Sweden-based telecommunications giant Ericsson announced today that Sony will buy out its 50 percent stake in the Sony Ericsson mobile phone business for $1.47 billion. The deal will give Sony complete ownership of Sony Ericsson.
As part of the deal, Sony will acquire “five essential patent families relating to wireless handset technology” from Ericsson, according to the press release. Sony will also now have the opportunity to incorporate the mobile phone business more closely into its lines of network-connected Sony consumer electronics.
“This acquisition makes sense for Sony and Ericsson, and it will make the difference for consumers, who want to connect with content wherever they are, whenever they want,” said Sony Chairman, President and Chief Executive Sir Howard Stringer. “…We can more rapidly and more widely offer consumers smartphones, laptops, tablets and televisions that seamlessly connect with one another and open up new worlds of online entertainment.”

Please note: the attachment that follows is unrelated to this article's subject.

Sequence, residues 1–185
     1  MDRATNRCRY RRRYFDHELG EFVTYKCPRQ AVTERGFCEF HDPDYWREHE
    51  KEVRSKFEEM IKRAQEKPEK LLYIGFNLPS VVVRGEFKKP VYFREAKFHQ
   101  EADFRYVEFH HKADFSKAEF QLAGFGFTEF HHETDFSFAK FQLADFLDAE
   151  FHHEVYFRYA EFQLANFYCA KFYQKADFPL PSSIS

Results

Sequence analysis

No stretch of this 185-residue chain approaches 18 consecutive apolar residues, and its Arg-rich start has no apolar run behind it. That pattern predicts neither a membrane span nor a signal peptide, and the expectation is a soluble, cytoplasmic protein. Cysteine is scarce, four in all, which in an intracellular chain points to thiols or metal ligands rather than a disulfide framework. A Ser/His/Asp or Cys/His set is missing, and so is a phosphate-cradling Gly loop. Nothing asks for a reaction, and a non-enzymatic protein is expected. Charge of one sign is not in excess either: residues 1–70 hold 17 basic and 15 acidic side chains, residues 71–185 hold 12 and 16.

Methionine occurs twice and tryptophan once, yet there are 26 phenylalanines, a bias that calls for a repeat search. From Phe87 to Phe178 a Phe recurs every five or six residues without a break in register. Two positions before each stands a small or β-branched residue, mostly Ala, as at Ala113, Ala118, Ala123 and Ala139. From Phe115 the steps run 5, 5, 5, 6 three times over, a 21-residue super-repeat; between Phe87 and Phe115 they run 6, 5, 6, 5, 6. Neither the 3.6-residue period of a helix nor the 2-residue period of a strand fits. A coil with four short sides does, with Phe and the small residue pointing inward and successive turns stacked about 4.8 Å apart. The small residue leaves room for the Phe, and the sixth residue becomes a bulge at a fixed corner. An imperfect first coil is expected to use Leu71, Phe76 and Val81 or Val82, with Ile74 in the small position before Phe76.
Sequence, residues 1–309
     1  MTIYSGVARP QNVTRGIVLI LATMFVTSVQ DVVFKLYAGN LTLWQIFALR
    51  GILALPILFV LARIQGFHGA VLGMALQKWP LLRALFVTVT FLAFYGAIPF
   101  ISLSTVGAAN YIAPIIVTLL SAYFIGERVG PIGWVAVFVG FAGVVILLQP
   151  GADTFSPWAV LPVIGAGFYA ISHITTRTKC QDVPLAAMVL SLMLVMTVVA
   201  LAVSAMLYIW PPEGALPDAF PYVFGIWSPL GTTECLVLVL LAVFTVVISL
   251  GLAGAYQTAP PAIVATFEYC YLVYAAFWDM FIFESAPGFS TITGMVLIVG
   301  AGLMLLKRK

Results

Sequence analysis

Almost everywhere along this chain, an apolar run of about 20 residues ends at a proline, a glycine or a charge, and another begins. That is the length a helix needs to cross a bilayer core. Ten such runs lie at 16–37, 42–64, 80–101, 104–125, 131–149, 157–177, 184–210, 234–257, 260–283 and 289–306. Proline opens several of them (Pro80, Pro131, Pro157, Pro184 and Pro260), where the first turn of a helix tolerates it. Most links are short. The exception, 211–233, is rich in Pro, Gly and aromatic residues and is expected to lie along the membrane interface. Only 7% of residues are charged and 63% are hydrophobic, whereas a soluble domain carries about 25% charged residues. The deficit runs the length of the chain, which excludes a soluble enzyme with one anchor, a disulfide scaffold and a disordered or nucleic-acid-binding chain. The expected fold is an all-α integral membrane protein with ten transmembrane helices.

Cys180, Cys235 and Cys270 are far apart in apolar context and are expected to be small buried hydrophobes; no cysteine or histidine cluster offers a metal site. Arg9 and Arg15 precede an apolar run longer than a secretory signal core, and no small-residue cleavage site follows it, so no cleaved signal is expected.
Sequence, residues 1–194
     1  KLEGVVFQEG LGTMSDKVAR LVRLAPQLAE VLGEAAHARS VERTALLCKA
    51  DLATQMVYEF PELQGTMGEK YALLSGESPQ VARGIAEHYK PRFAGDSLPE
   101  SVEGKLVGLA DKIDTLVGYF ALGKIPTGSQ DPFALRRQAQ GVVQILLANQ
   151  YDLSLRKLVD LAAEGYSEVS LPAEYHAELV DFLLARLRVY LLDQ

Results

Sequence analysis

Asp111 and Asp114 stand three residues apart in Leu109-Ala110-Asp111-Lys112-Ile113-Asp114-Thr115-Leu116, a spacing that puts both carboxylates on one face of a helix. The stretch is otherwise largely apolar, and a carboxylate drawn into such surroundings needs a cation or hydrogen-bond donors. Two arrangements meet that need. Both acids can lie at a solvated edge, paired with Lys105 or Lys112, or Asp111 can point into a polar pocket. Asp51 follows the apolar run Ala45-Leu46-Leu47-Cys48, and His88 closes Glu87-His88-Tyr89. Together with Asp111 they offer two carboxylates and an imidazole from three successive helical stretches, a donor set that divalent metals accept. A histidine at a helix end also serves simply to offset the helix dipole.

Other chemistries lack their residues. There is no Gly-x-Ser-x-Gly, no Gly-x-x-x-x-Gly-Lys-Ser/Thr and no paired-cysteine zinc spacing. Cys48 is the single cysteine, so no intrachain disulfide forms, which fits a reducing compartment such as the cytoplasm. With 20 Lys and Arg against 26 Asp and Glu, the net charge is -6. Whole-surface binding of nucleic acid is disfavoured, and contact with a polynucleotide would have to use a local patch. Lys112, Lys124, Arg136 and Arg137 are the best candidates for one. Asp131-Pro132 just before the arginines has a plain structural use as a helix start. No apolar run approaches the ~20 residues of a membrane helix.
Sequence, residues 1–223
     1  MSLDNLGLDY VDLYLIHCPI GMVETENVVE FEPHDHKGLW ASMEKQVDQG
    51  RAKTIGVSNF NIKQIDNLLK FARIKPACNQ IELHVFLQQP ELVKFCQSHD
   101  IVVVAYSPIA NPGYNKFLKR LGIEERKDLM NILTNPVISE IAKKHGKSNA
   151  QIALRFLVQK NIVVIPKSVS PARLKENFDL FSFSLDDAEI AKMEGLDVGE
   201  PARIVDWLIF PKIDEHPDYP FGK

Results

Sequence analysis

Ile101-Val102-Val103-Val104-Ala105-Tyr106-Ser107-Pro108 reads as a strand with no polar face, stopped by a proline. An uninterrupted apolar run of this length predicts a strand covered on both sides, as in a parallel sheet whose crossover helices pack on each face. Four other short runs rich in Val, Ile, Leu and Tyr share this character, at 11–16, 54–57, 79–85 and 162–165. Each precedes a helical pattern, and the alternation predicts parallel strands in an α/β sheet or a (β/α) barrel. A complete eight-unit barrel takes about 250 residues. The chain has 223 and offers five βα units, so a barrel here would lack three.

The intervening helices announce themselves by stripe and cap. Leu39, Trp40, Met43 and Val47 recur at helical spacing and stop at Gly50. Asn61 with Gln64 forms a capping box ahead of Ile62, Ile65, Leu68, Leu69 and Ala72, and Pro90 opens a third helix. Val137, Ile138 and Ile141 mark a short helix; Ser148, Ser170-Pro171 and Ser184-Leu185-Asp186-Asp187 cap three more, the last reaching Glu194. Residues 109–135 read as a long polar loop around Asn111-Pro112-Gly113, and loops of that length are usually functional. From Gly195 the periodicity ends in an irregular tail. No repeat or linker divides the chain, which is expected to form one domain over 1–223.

Ericsson’s president and CEO, Hans Vestberg, said this of the acquisition, in a prepared statement:
Ten years ago when we formed the joint venture, thereby combining Sony’s consumer products knowledge with Ericsson’s telecommunication technology expertise, it was a perfect match to drive the development of feature phones. Today we take an equally logical step as Sony acquires our stake in Sony Ericsson and makes it a part of its broad range of consumer devices. We will now enhance our focus on enabling connectivity for all devices, using our R&D and industry leading patent portfolio to realize a truly connected world.
Some believe the deal will give Sony greater ability compete in a mobile world in which power is increasingly condensing. Apple’s iPhone is currently the single most-popular brand of smartphones in the United States, by far. And Google, with its market-topping Android operating system — and soon, with Motorola, its handset-making business — has become a powerhouse of the mobile industry. How Sony’s move will change the landscape of the mobile industry remains to be seen, but the effects will surely be felt across the board.